Creating custom validators for your type
Many applications require some form of data entry validation. The simplest form of validation you get for free – the z3c.form library ensures that all data entered on Dexterity add and edit forms is valid for the field type.
It is also possible to set certain properties on the fields to add further validation (or even create your own fields with custom validation logic, although that is a lot less common). These properties are set as parameters to the field constructor when the schema interface is created. You should see the zope.schema package for details, but the most common constraints are:
- to make a field required or optional;
- used for
Timedeltafields, specify the minimum and maximum (inclusive) allowed values of the given type;
- used for collection fields (
Dict) and text fields (
TextLine), set the minimum and maximum (inclusive) length of a field.
If this does not suffice, you can pass your own constraint function to a
field. The constraint function should take a single argument: the value
that is to be validated. This will be of the field’s type. The function
should return a boolean
def checkForMagic(value): return 'magic' in value
Hint: The constraint function does not have access to the context, but
if you need to acquire a tool, you can use the
zope.app.component.hooks.getSite() method to obtain the site root.
To use the constraint, pass the function as the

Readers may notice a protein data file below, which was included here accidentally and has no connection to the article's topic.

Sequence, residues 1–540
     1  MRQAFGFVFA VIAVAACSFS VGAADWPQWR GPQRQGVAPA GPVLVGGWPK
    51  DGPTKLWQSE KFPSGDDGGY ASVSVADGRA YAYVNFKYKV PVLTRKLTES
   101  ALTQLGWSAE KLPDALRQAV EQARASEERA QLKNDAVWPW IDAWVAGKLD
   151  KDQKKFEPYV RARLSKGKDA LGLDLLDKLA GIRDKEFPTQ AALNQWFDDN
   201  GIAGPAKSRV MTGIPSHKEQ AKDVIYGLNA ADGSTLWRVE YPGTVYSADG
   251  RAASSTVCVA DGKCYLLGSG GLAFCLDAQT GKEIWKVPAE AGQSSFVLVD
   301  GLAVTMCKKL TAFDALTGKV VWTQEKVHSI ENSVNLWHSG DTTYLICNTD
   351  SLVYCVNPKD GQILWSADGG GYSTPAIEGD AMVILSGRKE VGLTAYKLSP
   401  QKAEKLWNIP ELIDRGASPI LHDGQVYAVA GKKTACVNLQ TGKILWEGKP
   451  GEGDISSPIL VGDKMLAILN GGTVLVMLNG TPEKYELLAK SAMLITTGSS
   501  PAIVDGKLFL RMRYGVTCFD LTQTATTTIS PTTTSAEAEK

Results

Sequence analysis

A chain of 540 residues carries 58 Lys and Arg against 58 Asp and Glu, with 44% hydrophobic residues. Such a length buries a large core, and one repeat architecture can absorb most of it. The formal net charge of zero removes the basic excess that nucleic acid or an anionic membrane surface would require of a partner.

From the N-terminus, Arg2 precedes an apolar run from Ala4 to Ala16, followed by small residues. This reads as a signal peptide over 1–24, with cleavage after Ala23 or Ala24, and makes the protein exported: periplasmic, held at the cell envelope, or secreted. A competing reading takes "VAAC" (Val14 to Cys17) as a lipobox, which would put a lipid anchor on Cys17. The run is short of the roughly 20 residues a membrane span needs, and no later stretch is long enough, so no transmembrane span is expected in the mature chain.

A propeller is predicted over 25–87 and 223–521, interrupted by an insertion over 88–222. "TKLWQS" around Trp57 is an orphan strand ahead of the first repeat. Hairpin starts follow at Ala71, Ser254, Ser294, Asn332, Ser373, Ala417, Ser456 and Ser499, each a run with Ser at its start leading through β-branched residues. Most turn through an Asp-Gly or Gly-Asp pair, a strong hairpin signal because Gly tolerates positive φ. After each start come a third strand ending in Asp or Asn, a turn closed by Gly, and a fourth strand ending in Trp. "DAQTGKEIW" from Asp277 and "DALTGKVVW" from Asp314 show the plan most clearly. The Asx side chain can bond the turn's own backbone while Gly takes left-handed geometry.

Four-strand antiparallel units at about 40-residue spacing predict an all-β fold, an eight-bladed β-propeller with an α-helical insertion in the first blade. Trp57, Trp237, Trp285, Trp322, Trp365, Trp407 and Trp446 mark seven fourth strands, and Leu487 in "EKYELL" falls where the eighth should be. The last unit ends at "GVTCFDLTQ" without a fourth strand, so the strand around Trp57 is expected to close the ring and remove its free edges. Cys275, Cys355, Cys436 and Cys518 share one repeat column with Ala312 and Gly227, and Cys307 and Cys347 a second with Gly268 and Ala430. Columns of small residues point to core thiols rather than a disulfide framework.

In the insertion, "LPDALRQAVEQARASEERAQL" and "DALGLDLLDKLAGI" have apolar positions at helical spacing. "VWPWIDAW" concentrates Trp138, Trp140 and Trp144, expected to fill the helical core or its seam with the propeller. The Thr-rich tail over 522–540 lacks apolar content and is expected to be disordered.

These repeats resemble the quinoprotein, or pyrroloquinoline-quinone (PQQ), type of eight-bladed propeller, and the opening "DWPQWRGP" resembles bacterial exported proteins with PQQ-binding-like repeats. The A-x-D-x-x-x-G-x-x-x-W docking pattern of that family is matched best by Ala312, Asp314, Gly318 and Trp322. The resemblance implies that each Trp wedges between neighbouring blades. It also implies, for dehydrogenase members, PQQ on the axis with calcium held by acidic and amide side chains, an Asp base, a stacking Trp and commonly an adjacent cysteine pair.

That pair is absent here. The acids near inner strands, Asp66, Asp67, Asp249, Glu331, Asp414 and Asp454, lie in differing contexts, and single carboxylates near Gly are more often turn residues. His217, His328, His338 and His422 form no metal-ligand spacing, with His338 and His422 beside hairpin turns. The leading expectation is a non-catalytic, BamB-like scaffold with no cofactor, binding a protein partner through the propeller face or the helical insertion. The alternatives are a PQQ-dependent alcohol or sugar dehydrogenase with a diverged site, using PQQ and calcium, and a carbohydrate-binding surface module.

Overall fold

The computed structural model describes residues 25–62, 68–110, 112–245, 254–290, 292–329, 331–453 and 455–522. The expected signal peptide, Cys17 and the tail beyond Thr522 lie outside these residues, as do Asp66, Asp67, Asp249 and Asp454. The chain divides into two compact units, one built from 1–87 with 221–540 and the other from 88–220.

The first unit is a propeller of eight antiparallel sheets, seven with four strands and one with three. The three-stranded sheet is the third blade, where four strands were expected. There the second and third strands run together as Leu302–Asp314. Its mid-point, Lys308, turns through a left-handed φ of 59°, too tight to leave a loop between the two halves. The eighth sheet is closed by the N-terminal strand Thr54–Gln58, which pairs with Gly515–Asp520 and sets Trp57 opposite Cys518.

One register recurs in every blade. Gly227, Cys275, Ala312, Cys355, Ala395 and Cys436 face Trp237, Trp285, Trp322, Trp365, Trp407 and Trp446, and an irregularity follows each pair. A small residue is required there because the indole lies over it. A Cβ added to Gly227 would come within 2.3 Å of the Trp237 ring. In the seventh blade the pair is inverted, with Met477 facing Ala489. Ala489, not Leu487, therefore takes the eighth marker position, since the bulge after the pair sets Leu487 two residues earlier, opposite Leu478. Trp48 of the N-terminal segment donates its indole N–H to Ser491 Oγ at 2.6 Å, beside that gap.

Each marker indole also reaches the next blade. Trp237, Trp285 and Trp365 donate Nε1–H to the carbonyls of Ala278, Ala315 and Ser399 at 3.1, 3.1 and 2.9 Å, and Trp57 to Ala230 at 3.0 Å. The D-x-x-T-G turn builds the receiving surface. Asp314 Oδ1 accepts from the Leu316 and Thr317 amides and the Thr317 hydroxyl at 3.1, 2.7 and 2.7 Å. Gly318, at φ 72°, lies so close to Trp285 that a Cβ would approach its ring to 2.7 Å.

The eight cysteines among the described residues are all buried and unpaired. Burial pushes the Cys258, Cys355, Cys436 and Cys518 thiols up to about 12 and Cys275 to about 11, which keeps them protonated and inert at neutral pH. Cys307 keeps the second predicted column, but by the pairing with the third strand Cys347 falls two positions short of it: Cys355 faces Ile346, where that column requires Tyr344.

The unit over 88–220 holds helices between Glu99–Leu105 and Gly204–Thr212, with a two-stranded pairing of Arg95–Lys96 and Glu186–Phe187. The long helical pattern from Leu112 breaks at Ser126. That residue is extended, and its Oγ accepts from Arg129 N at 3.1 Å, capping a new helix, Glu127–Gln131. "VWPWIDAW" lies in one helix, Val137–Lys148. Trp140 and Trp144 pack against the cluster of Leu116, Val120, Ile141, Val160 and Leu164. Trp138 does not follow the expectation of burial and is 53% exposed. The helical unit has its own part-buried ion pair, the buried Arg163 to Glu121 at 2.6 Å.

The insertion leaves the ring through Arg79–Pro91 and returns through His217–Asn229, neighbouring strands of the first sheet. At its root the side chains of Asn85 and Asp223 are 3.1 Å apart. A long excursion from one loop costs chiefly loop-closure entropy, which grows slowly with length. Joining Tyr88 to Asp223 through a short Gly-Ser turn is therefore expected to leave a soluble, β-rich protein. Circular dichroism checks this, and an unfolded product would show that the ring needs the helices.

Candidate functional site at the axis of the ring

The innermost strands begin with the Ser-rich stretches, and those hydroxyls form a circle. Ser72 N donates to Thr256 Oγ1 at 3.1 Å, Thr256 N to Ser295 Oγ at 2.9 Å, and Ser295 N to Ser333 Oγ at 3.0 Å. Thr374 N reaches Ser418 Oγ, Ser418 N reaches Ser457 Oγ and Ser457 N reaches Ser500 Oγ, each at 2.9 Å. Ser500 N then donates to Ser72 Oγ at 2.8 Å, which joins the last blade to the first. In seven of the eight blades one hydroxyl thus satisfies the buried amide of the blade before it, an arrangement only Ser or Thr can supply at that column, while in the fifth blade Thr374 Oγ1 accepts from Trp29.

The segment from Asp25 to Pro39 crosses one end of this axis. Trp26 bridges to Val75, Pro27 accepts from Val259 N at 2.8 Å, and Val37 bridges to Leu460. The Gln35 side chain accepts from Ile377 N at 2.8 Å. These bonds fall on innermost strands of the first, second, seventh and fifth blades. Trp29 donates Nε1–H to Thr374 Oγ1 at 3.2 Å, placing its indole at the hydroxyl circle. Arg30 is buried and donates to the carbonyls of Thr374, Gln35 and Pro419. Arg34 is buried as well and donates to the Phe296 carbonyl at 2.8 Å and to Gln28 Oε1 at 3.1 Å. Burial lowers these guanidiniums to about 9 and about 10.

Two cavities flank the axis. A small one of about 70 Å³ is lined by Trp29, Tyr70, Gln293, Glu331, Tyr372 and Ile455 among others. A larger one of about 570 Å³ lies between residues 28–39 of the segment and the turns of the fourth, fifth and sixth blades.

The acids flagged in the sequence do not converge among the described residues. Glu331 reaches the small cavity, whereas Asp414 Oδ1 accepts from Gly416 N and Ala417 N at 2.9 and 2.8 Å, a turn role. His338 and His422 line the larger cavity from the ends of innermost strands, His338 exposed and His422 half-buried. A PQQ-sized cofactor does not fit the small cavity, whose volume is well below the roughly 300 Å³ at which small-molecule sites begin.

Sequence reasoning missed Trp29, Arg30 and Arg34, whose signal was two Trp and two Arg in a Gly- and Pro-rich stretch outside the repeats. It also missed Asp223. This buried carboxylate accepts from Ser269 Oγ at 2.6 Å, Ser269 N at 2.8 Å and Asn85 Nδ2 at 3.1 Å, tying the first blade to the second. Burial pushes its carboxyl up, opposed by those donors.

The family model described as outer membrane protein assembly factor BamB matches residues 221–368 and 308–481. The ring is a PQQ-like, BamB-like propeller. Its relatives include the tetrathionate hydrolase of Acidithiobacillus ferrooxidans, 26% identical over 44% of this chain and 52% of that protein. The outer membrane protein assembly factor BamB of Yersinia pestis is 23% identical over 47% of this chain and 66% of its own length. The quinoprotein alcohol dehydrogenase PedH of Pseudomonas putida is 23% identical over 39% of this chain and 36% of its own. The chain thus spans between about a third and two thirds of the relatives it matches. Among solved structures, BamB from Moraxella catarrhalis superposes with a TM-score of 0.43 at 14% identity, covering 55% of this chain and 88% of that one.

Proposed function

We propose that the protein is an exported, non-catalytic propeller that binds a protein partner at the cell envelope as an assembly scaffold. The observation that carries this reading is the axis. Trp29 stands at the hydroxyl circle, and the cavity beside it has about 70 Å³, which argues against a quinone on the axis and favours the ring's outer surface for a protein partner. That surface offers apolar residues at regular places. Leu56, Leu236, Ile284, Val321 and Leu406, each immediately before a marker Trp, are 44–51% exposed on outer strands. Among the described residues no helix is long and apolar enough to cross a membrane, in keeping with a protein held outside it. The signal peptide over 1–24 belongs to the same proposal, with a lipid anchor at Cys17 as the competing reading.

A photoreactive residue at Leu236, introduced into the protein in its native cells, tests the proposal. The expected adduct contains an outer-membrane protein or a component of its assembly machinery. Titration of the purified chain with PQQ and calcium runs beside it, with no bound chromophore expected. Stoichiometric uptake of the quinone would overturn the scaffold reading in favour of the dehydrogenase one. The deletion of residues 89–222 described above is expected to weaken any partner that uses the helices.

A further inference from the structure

constraint argument to
the field constructor, e.g.:
my_field = schema.TextLine(title=_(u"My field"), constraint=checkForMagic)
Constraints are easy to write, but do not necessarily produce very friendly error messages. It is however possible to customise these error messages using z3c.form error view snippets. See the z3c.form documentation for more details.
You’ll also notice that constraints only check a single field value. If you need to write a validator that compares multiple values, you can use an invariant. Invariants use exceptions to signal errors, which are displayed at the top of the form rather than next to a particular field.
To illustrate an invariant, let’s make sure that the start date of a Program is before the end date. In program.py, we add the following. Code not relevant to this example is snipped with an ellipsis (…):
... from zope.interface import invariant, Invalid class StartBeforeEnd(Invalid): __doc__ = _(u"The start or end date is invalid") class IProgram(model.Schema): ... start = schema.Datetime( title=_(u"Start date"), required=False, ) end = schema.Datetime( title=_(u"End date"), required=False, ) ... @invariant def validateStartEnd(data): if data.start is not None and data.end is not None: if data.start > data.end: raise StartBeforeEnd(_(u"The start date must be before the end date.")) ...